Thursday, 7 May 2020

Hubble and Juno

Mike Wong invited me to be a co-author on his excellent paper in ApJ Supplement, which describes the Hubble and Gemini support programmes for the Juno mission:

Wong, M.H., A.A. Simon, J.W. Tollefson, I. de Pater, M. Barnett, A.I. Hsu, A.W. Stephens, G.S. Orton, S.W. Fleming, C. Goullaud, W. Januszewski, A. Roman, G.L. Bjoraker, S.K. Atreya, A. Adriani, L.N. Fletcher (2020), High-resolution UV/optical/IR imaging of Jupiter in 2016-2019, The Astrophysical Journal Supplement Series, Series, 247, 58 (25 pp.) (http://dx.doi.org/10.3847/1538-4365/ab775f)

Credit: International Gemini Observatory/NOIRLab/NSF/AURA M.H. Wong (UC Berkeley) and team Acknowledgments: Mahdi Zamani.


Images from both facilities were released to the public and created quite a splash, with the Gemini "lucky imaging" at 5 microns even making the BBC website.  Here is a collection of the media releases:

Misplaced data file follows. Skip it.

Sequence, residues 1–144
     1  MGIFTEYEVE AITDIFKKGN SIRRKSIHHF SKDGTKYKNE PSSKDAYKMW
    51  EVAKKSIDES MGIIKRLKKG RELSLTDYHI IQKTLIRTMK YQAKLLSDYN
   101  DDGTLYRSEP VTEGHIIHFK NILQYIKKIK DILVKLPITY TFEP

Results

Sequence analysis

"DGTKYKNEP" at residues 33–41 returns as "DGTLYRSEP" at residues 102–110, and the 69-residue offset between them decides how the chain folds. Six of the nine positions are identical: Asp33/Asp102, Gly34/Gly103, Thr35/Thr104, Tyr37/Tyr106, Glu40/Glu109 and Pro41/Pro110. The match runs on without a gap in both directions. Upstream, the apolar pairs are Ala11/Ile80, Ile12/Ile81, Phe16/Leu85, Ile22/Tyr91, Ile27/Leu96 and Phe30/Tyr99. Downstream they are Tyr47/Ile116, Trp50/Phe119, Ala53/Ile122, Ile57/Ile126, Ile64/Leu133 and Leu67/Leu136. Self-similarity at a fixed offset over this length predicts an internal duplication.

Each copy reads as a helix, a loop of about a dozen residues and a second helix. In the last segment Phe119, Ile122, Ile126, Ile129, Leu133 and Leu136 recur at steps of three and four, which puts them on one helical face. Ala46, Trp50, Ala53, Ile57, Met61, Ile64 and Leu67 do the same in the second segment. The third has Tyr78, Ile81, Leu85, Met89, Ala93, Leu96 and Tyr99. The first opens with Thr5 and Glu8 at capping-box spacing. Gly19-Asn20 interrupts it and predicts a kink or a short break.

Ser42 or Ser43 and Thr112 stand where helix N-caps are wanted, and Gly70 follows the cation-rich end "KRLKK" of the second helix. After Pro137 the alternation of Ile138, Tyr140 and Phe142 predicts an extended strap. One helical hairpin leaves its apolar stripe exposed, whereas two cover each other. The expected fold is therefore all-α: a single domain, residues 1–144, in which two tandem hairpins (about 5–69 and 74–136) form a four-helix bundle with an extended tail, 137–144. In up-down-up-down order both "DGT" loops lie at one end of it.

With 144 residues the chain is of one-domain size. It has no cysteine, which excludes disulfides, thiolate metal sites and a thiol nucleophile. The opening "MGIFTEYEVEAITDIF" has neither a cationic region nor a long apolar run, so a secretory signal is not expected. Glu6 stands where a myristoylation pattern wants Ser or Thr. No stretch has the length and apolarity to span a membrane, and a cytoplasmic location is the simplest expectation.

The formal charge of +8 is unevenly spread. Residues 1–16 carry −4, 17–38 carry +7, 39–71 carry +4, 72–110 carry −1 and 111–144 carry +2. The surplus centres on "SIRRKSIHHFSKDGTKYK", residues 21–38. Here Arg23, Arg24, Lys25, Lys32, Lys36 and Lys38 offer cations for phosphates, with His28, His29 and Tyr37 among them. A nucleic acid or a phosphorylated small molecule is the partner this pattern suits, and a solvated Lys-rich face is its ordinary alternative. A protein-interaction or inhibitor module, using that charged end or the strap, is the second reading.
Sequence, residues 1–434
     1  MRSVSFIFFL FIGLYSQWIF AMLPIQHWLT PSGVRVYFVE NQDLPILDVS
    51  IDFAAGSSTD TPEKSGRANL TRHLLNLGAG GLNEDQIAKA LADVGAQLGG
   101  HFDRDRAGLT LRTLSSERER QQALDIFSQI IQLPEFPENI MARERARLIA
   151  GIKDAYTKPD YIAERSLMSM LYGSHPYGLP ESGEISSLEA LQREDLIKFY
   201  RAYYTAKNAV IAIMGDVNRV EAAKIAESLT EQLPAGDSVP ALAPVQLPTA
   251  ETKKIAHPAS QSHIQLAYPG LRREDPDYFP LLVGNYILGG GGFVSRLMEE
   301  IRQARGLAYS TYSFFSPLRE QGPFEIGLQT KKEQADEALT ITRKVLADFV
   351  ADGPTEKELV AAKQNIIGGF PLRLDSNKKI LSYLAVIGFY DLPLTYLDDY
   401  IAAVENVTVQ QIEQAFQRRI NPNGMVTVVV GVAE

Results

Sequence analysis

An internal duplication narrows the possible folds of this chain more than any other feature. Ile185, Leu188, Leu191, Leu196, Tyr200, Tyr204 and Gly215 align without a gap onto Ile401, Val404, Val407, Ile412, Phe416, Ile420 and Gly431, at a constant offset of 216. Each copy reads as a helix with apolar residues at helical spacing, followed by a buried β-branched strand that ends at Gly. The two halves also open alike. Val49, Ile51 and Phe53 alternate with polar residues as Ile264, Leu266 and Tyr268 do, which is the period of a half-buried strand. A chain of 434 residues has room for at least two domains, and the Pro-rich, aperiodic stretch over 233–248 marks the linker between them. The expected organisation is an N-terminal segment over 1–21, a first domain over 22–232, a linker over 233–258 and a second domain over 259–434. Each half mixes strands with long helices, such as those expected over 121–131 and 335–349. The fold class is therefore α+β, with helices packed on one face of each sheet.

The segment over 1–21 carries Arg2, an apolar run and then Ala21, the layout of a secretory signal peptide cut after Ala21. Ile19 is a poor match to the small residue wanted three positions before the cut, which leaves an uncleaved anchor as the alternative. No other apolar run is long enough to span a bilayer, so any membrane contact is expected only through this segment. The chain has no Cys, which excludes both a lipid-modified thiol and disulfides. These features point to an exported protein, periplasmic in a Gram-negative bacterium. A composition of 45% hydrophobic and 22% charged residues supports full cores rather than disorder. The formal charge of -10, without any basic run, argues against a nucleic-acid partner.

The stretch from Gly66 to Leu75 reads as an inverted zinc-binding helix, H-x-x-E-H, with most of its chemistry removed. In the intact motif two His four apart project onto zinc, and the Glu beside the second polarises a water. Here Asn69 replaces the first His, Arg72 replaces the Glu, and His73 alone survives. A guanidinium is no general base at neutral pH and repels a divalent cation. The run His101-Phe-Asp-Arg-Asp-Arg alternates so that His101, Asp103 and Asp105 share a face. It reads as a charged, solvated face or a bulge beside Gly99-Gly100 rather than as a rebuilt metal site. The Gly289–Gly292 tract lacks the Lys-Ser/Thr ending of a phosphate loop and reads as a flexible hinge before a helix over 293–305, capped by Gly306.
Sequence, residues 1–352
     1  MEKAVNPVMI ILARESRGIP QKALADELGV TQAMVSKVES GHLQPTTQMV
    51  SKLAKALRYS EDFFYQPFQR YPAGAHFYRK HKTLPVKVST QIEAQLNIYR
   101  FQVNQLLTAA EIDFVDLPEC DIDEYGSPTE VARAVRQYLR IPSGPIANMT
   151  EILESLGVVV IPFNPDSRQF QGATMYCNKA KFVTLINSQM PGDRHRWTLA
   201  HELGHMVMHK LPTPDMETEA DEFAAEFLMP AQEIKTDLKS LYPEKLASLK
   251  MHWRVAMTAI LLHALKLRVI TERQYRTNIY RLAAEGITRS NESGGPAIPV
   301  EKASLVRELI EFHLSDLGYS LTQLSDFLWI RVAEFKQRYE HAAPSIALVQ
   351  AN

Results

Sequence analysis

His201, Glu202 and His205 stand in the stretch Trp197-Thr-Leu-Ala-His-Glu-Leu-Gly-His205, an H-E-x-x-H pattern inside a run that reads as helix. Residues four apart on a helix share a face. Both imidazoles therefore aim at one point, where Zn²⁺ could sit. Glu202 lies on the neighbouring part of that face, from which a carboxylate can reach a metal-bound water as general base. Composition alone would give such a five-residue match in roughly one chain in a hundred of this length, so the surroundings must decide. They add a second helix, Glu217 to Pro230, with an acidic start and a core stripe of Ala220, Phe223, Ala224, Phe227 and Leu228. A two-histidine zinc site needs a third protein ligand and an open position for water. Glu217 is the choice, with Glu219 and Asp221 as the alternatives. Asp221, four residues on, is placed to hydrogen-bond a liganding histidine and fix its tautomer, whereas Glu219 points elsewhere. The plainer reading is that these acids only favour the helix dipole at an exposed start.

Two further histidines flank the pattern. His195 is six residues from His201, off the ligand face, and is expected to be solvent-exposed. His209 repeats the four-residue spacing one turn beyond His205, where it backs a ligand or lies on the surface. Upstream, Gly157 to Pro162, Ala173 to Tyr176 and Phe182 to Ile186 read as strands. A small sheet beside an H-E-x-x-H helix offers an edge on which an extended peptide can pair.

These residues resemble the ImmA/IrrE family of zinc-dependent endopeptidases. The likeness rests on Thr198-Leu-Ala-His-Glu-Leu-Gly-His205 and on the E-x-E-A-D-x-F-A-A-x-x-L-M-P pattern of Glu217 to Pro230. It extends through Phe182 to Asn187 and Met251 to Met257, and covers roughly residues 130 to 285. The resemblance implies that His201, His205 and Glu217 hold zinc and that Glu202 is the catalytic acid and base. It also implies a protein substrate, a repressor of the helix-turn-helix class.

Hubble Space Telescope
Gemini Observatory
Berkeley

The full dataset is also available via open access on the MAST archive.

Combined data from the Juno spacecraft, the Hubble Space Telescope and the Gemini Observatory reveal a special cloud structure near a massive cluster of lightning flashes: a three-way combination of deep clouds made of water, large convective towers — essentially Jovian cumulonimbus — and clear regions with downwelling, drier air outside the convective towers. (Image courtesy of NASA, ESA, S. Brown of JPL, M.H. Wong of UC Berkeley and A. James and M. Carruthers of STScI)

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